« And now for the rest of the story . . . | Main | Channeling Catherine: Timeless face. Timeless coat. »

February 08, 2012

TrackBack

TrackBack URL for this entry:
http://www.typepad.com/services/trackback/6a00e5534a604288330168e6f40045970c

Listed below are links to weblogs that reference What's your favorite way to mark your garment pieces?:

Comments

Feed You can follow this conversation by subscribing to the comment feed for this post.

ParisGrrl

I like white and blue tailors' chalk, the kind that comes in the block about the size of a rectangular eraser (but a bit thinner). Both it and the pencils work best if you use a hard surface under them when you make your markings.

K-Line

I do it one of 2 ways (though I've tried them all, including clipping the fabric on side markings - not darts, natch): mark in chalk - I use the kind of "pencil" that contains chalk powder OR mark in pen. Not erasable pen (which never works, IMO) but regular old pen. Occasionally, if the marks aren't serged off, you can see the markings after the sewing. I'm ok with that. They fade with time and they're not visible from the front. Of course, if I'm working with a fine fabric I only use chalk. BTW, sometimes chalk can stain - like on silk charmeuse.

Elaray

In my quest for the perfect marking method, I acquired an arsenal of marking tools – and I use them all in different situations. I like the chalk wheel type of marker if I need to mark on the right side because the chalk usually brushes off. I also use thread tracing when I want the marks to be visible on the right side. I use tracing paper for marks that are on the wrong side. I never use the air or water soluble markers. Too many bad experiences.

jadestar

Chalk pencils. Didyoumakethat blogged about the same set I have recently. It's a life saver, and lasts ages. Money well spent.

Rebecca

I really love my Clover Chalk Pen. It's super easy to use and shows up really well on most fabric. For lighter fabrics, I use a disappearing pen.

Debbie

I use a variety depeding on what's needed. Charcoliner, disappearing pen and tracing paper to name a few.

Tips on tracing paper. Saral washes out easiest. Use heavy clear plastic over the pattern when tracing. You do have to use a bit more pressure but it's not as brutal as the serrated wheel directly against the tissue and fabric.

Ellen

I am a dedicated tracing paper user! But only old tracing paper. I've yet to find a new one that I like. Needless to say, my tracing paper is in quite a sad shape, but I bought some vintage patterns on ebay, and imagine my delight when there was an old pack of tracing paper!! Of course, I'm limited to marking on the inside, but I rarely use any other method.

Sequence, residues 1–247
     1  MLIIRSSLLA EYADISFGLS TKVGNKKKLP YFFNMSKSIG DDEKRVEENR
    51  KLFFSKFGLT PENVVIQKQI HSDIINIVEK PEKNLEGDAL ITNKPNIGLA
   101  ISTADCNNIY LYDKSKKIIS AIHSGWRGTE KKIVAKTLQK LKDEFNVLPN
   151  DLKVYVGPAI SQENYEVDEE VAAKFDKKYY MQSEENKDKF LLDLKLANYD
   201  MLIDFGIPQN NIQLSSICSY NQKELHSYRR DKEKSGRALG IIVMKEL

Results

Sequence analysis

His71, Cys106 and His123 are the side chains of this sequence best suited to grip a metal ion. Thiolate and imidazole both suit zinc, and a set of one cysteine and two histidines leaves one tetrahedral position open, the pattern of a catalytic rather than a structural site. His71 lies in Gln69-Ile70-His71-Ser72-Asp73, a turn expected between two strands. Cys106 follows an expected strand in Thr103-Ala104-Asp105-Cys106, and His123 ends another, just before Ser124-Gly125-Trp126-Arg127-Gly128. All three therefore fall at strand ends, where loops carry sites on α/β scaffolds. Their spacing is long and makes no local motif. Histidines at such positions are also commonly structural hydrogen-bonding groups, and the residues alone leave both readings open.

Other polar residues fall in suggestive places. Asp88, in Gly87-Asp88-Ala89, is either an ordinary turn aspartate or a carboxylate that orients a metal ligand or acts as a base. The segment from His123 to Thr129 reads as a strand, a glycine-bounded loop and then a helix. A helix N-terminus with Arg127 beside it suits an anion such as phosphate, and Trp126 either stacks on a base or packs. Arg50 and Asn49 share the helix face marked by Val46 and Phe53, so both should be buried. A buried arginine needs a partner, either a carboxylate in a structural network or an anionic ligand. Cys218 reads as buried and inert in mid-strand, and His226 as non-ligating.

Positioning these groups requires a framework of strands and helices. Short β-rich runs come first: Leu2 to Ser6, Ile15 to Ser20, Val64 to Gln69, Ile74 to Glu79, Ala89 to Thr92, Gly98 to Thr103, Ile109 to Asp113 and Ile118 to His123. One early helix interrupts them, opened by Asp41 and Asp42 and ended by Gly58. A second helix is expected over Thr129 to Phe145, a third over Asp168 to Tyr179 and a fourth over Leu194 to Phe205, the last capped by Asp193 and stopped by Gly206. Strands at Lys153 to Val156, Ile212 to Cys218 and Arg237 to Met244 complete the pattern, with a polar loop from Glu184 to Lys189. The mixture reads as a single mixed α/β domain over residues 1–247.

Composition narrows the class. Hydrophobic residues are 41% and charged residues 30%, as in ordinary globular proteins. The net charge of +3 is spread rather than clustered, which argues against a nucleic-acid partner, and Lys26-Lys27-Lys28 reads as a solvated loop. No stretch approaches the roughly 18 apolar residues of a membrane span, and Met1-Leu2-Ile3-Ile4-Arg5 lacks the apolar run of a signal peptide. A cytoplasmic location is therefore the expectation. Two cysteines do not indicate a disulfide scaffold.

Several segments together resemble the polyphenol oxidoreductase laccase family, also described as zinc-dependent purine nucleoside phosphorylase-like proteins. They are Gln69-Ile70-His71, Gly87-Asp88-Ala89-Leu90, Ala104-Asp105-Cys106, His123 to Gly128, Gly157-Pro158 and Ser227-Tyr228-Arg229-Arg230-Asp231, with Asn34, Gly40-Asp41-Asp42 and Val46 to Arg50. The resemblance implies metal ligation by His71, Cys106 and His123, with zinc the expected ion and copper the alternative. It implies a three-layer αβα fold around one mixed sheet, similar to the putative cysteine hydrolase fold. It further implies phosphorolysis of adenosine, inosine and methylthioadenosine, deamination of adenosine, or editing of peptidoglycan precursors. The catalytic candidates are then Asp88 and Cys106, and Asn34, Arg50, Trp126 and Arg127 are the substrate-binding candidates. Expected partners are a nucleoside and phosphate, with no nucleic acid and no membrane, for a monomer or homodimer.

monkeysocks

I try and mark as little as possible, as I haven't found a satisfactory method. I clip notches as much as possible, cut things out with an accurate (ish!) seam allowance and mark the ends of darts and stuff with pins. Generally if I have to mark I use a chalk wheel but it annoys me when I am drafting on my bodyform as it doesn't work upside down!

Miriam Martins

neddle and thread?????

A.J.A.

I use a combo of tailor's chalk, a non serrated tracing wheel with paper, a disappearing ink pen, sometimes thread tracing, and notching the side seams. Okay, I do all of them. For dots and such, I have a Tack it tool that I do use if I am tracing darts and other markings. When the markings are minimal, I usually just pin through the pattern pieces at dots and such, and mark where the pin travels through with the disappearing ink pen. What color paper did you use for tracing? I have some old Dritz and Singer tracing papers that work better than the new- keep an eye out at yard sales. I bet white with the non serrated wheel would show up well enough to mark your fabric.

Karen

I like tailors tacks -- but not the way my mother taught me to make them!

I use up thread from old bobbin spools (that doesn't quite match, natch', and reel off long stretches that I fold in half so that I double thread the needle. This gives me four strands for each tailor's tack (making it much harder to have them all pull out and leaving a clear hole if they do!).

The downside is that you have to be very careful with your backstitch at the end of the dart to not catch the tack in such a way that you can't remove it, but the double benefit is that you've got durable, easy-to-make marks that also free-up bobbins for your next project!

Verify your Comment

Previewing your Comment

This is only a preview. Your comment has not yet been posted.

Working...
Your comment could not be posted. Error type:
Your comment has been posted. Post another comment

The letters and numbers you entered did not match the image. Please try again.

As a final step before posting your comment, enter the letters and numbers you see in the image below. This prevents automated programs from posting comments.

Having trouble reading this image? View an alternate.

Working...

Post a comment

Home

Follow gardeniagrrl on Twitter
Blog powered by Typepad